Volume 2, No. 3 - July, 1999

Engine No. 74

A Narrow Gauge Legend




A very special thanks to Mike Trent for allowing me to publish this article. I am so very, very pleased to be able to post this article on the web site. It is a major accomplishment on Mike's part and I am very thankful for the privilege of bringing it to you. I think you will agree that Mike is to be commended for his efforts in the research and writing of this superb history.

Thanks also go to John Coker and Joe Crea for allowing us to use their drawings and prints. John Coker's drawing on this page shows engineer Bert Nash and fireman Leo Croonenbergs in the cab of the 74 on the infamous Rocky Club trip of 1949. Joe Crea's prints of the 74 appear later in the C&S section of this article.

More thanks go to the Denver Public Library and to the Colorado Railroad Museum for allowing us to use many of the photos in this issue. Hot links to both appear in the links section of this web page.

Another big thank you goes to Kathy House a good friend and the editor that makes sure all of my spelling is correct and all of my commas are where they belong. It is through her efforts that this page looks as good and reads as well as it does.


As you can imagine, a locomotive that's over one hundred years old has quite a history. As a result this article is quite lengthy. I have broken it up into several sections to speed up loading time. The first time through I highly recommend that you read the sections in order. All of them can be reached from this page--or once you are into it, from the preceding or following sections. This will allow you to reach each of the sections easily and quickly, or if you wish to return in the future to read only certain parts.

As many of you know, the 74 came to the Rio Grande Southern from the Colorado & Southern. Many are unaware that the locomotive had belonged to two previous owners before the C&S. In reality, only the last four years of its working life were spent on the RGS. Because of this, Mike and I made the decision to include the entire history of the engine in this article. Besides, it would be impossible to understand the events, famous and infamous, of the locomotive's RGS years without understanding what had gone on in the years before the RGS got her.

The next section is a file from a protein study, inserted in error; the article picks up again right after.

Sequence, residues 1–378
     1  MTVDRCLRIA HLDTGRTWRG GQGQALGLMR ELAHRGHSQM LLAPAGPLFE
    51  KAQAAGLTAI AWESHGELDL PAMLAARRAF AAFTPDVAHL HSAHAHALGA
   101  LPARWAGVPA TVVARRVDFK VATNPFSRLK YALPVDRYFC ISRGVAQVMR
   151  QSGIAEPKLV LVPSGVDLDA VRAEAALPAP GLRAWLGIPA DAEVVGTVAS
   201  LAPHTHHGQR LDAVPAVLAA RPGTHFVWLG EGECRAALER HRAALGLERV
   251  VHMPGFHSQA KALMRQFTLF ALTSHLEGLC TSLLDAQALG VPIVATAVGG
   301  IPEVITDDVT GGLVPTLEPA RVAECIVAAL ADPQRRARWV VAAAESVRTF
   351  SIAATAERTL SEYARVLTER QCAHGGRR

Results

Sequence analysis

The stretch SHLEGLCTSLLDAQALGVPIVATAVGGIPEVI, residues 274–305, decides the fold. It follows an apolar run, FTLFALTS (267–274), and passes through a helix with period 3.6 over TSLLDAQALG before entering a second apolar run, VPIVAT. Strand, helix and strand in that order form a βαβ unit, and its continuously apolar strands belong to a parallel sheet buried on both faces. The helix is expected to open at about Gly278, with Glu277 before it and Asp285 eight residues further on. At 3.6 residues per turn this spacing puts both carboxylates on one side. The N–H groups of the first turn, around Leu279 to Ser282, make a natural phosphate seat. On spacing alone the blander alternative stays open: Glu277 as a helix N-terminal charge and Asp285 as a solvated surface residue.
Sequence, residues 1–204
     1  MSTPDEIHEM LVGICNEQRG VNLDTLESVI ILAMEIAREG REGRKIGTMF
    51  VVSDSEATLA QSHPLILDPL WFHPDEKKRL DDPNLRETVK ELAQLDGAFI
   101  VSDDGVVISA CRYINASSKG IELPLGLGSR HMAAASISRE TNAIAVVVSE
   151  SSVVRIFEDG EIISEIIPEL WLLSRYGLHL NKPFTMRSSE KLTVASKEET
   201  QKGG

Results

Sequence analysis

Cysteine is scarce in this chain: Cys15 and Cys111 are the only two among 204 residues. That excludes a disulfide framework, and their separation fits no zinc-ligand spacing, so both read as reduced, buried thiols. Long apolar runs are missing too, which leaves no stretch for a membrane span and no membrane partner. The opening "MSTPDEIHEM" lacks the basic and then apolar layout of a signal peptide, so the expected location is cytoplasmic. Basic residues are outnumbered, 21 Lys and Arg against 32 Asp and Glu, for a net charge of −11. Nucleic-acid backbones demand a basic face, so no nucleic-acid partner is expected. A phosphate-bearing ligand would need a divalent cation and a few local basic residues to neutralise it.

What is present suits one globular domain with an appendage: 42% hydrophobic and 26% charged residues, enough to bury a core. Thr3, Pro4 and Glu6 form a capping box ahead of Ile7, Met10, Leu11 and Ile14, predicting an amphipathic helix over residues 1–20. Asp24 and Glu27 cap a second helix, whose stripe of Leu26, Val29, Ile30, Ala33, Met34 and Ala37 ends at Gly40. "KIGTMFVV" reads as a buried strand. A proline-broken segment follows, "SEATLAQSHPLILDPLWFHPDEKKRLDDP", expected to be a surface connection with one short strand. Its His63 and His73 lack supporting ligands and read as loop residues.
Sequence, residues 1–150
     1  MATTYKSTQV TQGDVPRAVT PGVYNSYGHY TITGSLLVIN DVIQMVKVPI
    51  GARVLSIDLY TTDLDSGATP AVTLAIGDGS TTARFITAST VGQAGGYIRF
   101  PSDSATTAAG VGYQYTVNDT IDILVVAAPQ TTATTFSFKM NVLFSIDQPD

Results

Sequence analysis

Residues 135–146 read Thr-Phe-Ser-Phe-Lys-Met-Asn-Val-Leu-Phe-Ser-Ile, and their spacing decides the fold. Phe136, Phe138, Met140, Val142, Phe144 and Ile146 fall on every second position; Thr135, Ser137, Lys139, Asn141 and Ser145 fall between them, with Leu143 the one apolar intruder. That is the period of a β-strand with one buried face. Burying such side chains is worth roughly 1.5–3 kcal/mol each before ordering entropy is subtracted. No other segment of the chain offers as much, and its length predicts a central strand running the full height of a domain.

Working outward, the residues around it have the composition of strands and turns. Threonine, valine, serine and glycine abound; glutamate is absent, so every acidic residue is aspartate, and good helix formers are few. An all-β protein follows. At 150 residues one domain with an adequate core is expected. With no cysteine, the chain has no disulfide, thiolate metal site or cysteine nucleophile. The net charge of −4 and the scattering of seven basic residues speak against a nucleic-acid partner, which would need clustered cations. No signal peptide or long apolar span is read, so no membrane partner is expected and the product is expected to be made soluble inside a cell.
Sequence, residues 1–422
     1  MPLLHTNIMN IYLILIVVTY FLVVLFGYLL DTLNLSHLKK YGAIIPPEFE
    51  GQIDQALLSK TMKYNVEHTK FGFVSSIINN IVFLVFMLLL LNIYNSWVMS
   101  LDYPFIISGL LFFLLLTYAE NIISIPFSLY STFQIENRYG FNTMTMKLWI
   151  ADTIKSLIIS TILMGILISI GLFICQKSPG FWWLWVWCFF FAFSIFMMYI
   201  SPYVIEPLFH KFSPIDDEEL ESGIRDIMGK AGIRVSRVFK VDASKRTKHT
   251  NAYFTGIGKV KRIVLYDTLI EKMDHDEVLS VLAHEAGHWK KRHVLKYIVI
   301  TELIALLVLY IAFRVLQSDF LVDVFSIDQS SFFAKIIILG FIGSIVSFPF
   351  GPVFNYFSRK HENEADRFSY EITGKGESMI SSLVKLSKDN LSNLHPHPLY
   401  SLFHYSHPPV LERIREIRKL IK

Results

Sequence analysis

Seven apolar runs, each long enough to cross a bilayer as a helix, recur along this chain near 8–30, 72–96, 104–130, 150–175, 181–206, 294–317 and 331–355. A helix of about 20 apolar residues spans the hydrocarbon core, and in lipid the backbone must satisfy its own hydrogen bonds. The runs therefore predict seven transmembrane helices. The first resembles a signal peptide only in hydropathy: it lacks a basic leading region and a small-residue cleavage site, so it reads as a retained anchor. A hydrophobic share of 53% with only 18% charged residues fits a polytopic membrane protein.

So it's all here, from the time she was built, to the latest plans for her restoration. From the canted valve chests that were her curse, and her salvation, to the green boiler paint and broken windows that marked her debut on the RGS. Much of it is told in the words of the men that actually ran her. Where appropriate, comments from knowledgeable people from our own times are also included.

Many, many people helped with the research and writing of this article. Mike will thank them in the forward but I will take the opportunity now, to say thank you so very much for making this history possible. Bravo to all of you. Bravo.

There are a number of photos included in this article. By clicking on the photo or the photo number, you will see a full screen version of the same photo. Below the caption of this larger photo you will see a hot link to return to the text. You can also use the "Back" command in your browser.


To began the history of the 74, "a narrow gauge legend" click on the forward button...


Forward - The Early Years - The C&S Years - The RGS Years - Back Home Again

Return To Opening Page


I hope to continue updating the page quarterly, so please come back to visit. Please feel to write me bdwhite@orci.com with any comments on the page, good or bad, or just to chat.